With the above points noted we have considered what a simple church network structure could look like. We envision four basic expressions of network life. These expressions are a guide not a prescription. Nor are they designed to be sequential “steps” to a pre-determined outcome.
A node is an area in which we are working but in which there is no formal gospel community as yet. Because much of what we are hoping to do will take the form of pioneering ministry, we expect that this will take time. Time to connect with people, to invite them into community and together envision what church could look like in this community and among this people.
If we have a trusted leader in an area then we have a node that is a part of the Four31 Network. We do want Gospel Communities or church plants to develop (and in fact we believe this cannot but happen when the gospel is at work) but we do not want to restrict belonging to Four31 to only those who already have a Gospel Community structure or who are actively in the process of forming one. We are committed to “commissioning” gospel men and women to get on with ministry in an area and allowing church to grow up contextually and organically without the pressure of immediate results or “church plant” expectations in order to legitimise the ministry.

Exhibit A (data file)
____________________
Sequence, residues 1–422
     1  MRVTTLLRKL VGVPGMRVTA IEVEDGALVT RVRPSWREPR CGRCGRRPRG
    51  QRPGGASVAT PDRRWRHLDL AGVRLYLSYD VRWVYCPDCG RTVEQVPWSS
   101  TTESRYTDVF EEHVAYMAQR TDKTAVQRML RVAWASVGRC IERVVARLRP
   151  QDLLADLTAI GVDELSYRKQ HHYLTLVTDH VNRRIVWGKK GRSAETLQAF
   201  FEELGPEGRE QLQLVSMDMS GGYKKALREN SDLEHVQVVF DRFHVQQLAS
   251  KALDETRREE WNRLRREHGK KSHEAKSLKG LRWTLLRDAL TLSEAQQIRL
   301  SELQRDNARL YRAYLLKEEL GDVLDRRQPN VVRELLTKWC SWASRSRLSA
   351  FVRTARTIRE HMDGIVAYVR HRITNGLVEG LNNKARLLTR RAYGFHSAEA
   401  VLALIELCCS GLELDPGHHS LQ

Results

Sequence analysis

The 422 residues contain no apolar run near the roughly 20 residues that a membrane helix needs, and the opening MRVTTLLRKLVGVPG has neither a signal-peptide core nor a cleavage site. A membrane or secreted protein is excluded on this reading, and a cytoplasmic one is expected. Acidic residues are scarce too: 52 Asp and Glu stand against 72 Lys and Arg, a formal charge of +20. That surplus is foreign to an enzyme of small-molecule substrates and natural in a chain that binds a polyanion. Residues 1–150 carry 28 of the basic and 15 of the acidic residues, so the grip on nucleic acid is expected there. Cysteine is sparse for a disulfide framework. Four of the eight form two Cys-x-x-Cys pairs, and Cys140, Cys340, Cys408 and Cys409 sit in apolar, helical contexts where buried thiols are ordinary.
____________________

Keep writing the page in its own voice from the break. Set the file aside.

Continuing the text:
Our hope is that Four31 can become a home to those who are called to pioneering ministry outside of the current church structures. And that together we can begin to envision what new and complementary structures might begin to look like.
Currently we have three nodes:
1. East City Area, Cape Town – Woodstock, Salt River, Observatory
2. Northern Suburbs, Cape Town – Bellville, Durbanville